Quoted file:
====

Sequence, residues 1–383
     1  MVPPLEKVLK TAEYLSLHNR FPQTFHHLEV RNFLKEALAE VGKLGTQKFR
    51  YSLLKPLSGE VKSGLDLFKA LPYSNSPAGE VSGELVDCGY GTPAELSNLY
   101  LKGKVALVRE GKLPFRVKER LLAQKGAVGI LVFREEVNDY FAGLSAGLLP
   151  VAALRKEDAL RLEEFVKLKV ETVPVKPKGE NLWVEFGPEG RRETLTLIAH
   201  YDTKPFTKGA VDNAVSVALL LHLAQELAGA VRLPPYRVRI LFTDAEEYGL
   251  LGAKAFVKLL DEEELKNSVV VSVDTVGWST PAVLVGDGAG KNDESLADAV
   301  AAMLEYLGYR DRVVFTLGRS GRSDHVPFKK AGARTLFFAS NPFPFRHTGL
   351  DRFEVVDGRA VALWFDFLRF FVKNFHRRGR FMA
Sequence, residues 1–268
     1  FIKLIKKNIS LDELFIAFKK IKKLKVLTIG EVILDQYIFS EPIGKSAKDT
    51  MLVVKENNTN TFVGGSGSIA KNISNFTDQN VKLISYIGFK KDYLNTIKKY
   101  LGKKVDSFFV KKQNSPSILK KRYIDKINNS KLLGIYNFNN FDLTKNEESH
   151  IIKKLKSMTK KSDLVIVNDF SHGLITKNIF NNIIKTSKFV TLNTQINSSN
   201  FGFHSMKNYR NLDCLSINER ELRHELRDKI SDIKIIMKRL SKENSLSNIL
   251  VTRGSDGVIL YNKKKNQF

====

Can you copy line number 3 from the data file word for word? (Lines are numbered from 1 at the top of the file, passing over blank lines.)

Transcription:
    51  YSLLKPLSGE VKSGLDLFKA LPYSNSPAGE VSGELVDCGY GTPAELSNLY